I think the time is long past when they should be asking that question. As to the answer, though, dramatic responses short of civil disobedience are still possible. Suppose worshippers scrupulously obeyed ten-person or fifty-person rules, but in selected churches, priests celebrated Mass after Mass after Mass, ten or fifty congregants at a time, so that everyone who wished could participate. To reduce the heroic demand on overworked priests and ministers, variations could be worked out. Perhaps not all the services could be Masses.
Wouldn’t that be a strong witness? Why isn’t it happening?
In places where no indoor meetings at all are permitted, another possibility is to hold church services outdoors, for example in parks or in parking lots, with the congregants six feet away from each other, wearing masks. My own parish, in the diocese of Texas, is resuming public indoor Masses on a small scale, but asking those who are over sixty-five not to attend. So another advantage of holding some worship outdoors is that more could attend and even older people who might otherwise be at risk could participate.
As I mentioned in a previous post, in some places worship is already being held outdoors. Why isn’t this being done everywhere that indoor services aren’t possible? I would like our bishops to tell us that.
Suppose these things were more widely done. It would be interesting to see whether officials in the more draconian states treated such worship as though it were an act of civil disobedience, even though no state regulations had actually been broken. In some states, as in most of mine, the authorities would be – have already been – cooperative. In others, they would be – have already been -- tyrannical.
Actual disobedience to the law should not be considered until all things short of disobedience have been tried, so that it would be difficult for even the most confused citizens to think that worshippers were merely hooligans who cared nothing for public health. Give official bullies a chance to show their true colors. The time to plan disobedience is when the authorities refuse to allow worship even within the bounds of reasonable public health restrictions.
But even so, there is a right and a wrong way to practice disobedience. In the first place there must be no disobedience except to rules that are actually unjust. Worshippers would have to rigorously keep that six-foot gap, and wear those masks, so everyone would understand that they did not reject public authority for the common good.
Priests would have to cooperate with their bishops, publicizing widely ahead of time what their churches would be doing, why they would be doing it, and why nothing less would suffice. They would have to do whatever was necessary to avoid giving the appearance of disrespect for just laws. Force and insult would have to be met with prayer and blessing. Any who were arrested would have to offer no resistance, no shouting, and no hard words. As during the Civil Rights movement, it would be necessary for the participants to be prepared ahead of time spiritually, because otherwise such discipline would be impossible.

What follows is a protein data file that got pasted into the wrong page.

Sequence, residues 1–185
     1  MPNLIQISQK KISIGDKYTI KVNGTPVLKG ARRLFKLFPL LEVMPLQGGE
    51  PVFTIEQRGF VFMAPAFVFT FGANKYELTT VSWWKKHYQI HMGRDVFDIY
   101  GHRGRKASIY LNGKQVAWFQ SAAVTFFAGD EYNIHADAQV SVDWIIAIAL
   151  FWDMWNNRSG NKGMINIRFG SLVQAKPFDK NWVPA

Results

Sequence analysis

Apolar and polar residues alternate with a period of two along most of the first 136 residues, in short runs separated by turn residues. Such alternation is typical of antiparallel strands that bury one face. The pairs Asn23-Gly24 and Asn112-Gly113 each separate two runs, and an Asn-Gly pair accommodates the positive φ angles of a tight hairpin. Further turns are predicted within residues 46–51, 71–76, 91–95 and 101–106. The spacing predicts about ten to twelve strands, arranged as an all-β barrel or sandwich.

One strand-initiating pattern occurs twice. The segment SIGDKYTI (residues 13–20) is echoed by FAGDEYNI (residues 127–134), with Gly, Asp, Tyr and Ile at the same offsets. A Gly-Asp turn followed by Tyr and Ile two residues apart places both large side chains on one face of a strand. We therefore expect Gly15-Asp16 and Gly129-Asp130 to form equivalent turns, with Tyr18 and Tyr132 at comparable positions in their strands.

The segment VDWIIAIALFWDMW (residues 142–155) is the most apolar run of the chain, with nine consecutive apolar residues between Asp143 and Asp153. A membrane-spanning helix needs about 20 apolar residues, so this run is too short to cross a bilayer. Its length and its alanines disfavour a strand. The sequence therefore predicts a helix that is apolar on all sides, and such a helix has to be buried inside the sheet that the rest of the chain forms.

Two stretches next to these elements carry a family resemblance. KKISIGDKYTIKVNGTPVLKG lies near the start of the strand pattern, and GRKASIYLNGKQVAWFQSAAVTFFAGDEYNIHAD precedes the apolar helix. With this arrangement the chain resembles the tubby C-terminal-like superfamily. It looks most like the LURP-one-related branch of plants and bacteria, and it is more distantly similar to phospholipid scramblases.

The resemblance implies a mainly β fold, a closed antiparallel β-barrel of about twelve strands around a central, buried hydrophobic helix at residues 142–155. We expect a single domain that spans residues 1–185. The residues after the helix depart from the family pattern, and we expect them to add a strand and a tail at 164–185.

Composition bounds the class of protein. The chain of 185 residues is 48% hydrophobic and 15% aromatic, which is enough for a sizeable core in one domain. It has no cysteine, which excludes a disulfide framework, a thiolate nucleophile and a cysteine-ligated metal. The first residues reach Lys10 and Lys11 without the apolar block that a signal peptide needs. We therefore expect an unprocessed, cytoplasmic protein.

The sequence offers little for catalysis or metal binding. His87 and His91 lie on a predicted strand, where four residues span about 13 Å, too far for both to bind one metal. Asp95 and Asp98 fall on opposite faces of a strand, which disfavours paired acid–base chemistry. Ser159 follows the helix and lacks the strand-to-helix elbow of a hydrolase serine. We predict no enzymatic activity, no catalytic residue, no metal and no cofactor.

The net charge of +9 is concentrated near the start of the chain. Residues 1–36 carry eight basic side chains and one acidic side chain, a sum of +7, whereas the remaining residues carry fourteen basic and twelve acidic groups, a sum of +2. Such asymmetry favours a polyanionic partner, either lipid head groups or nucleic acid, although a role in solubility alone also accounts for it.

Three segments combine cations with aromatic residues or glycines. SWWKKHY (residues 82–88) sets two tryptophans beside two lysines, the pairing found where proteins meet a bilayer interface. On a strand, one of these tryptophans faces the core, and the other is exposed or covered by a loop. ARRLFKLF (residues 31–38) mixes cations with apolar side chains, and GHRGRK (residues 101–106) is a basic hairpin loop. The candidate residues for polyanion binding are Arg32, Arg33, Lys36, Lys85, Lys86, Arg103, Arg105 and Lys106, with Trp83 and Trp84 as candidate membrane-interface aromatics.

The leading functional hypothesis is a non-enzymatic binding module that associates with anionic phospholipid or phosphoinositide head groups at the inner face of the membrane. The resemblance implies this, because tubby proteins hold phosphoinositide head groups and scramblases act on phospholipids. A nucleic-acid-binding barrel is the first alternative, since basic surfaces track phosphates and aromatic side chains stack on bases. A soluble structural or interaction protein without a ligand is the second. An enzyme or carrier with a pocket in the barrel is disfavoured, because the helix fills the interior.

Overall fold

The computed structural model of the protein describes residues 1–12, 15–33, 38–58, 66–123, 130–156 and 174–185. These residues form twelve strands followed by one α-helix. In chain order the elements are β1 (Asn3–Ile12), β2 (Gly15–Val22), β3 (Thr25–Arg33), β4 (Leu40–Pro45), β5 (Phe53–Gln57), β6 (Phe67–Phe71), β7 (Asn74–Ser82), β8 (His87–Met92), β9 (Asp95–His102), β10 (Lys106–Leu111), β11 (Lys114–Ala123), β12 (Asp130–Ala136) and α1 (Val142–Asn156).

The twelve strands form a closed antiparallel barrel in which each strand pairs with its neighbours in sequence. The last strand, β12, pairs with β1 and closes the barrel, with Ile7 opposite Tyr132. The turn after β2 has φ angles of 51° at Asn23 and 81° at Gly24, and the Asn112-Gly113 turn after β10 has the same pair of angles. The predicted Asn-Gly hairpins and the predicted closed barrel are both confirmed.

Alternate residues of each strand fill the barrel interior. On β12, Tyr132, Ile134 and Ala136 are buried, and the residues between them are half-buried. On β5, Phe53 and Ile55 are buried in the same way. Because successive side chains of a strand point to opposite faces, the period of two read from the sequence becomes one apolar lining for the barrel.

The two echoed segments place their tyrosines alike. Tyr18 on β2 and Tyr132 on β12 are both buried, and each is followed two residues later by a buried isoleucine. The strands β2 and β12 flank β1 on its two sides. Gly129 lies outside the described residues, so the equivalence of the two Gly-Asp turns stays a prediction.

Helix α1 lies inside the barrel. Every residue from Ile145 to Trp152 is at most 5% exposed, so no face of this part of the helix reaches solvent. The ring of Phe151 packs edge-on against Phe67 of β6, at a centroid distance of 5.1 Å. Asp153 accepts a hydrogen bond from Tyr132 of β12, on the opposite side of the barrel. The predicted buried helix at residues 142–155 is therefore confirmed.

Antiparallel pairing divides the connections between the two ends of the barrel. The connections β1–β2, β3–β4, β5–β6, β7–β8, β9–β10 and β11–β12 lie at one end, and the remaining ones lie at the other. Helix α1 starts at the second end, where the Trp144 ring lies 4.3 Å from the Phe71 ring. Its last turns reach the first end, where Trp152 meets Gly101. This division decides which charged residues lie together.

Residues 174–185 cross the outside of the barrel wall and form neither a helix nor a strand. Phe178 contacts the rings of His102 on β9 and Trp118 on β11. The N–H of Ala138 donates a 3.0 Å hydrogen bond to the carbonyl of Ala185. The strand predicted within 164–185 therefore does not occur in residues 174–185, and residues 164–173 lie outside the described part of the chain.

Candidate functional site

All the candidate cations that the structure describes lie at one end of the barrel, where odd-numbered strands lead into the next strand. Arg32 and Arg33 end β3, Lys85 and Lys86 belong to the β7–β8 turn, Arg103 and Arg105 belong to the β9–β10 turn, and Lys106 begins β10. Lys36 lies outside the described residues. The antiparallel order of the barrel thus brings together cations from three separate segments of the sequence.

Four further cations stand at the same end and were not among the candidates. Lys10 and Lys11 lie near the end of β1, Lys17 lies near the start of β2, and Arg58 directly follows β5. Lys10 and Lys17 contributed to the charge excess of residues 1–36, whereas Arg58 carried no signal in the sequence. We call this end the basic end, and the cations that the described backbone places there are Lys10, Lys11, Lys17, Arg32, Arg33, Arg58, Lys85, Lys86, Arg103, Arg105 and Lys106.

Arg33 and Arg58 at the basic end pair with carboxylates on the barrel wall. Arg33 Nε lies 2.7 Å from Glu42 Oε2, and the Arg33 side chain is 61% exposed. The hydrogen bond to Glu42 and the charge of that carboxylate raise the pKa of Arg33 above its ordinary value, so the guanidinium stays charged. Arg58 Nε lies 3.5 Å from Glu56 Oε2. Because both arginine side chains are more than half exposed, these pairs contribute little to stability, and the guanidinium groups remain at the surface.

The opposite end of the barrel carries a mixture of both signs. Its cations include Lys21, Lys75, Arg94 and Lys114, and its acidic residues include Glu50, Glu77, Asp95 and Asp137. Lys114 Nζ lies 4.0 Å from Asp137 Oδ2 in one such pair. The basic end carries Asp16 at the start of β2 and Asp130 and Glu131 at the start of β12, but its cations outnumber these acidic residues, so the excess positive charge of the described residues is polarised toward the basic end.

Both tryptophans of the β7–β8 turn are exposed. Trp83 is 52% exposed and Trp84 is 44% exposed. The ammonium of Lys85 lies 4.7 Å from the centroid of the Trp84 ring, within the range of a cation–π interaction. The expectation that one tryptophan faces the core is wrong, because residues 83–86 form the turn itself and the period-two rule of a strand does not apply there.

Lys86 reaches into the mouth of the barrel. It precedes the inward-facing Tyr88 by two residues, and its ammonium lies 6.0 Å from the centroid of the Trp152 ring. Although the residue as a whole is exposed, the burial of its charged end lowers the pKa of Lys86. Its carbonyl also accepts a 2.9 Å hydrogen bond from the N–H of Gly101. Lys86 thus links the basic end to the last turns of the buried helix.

Let us hope it does not come to this!
But let us not just wait to see what happens either. The precedents being set for the oppression of faith during the epidemic will some day be invoked when there is no epidemic. Why is there no sense of urgency?
You shepherds of the flock, are you paying attention?
I see in the news that the government is clamping restrictions on the use of electronic parts supplied from abroad for use in our electrical power grid. The purpose, of course, is national security. One would not want the grid to be hacked by a hostile foreign power.
This raises an interesting question. We have long known that all sorts of crucial domestic systems, not just the power grid, are vulnerable to being hacked. In fact, there already have been numerous intrusions and thefts of information on a small scale, as though our defenses were being tested. We have adversaries who might take great satisfaction in seeing our fragile setups collapse. Why then hasn’t that happened already?
One possibility is simply that they aren’t ready. Another possibility is that the ability to crash our systems is cherished not as a first-strike weapon but as a last resort; hostile powers might hesitate to do us too much damage, because in an interlocked global economy their own countries would suffer too.
But there is another reason besides unpreparedness and fear of economic harm why hostile powers might hesitate to bring us down. Even though our government is not very good at protecting the country against foreign hackers, it is no slouch at hacking hostile foreigners. For example, the United States and Israel are widely believed to have collaborated on the development of the subtle Stuxnet computer worm that damaged the centrifuges used by the Iranians for processing nuclear fuel back in 2010.
The stalemate among the competing hackers of the various great powers brings to mind the old theory of Mutual Assured Destruction, called MAD, current at the height of the nuclear arms race between the United States and the Soviet Union. “We too have nuclear weapons and ICBMs, and we can launch ours before yours arrive. Be sure that if you destroy us, within minutes you too will be destroyed.”
Some of those involved in security debates opposed (and still oppose) the development of defenses against incoming missiles, on grounds that no one will murder if he knows without a shadow of doubt that by doing so he will accomplish his own suicide. The devil is in that shadow of doubt! But leaving aside the devil -- can one ever leave aside the devil? – the theory holds that the utter, helpless vulnerability of each nation to every other is the only hope of peace. Let us all brandish razors, and all bare our throats.
I wonder whether those who take this view will oppose the development of greater computer security for the same reason.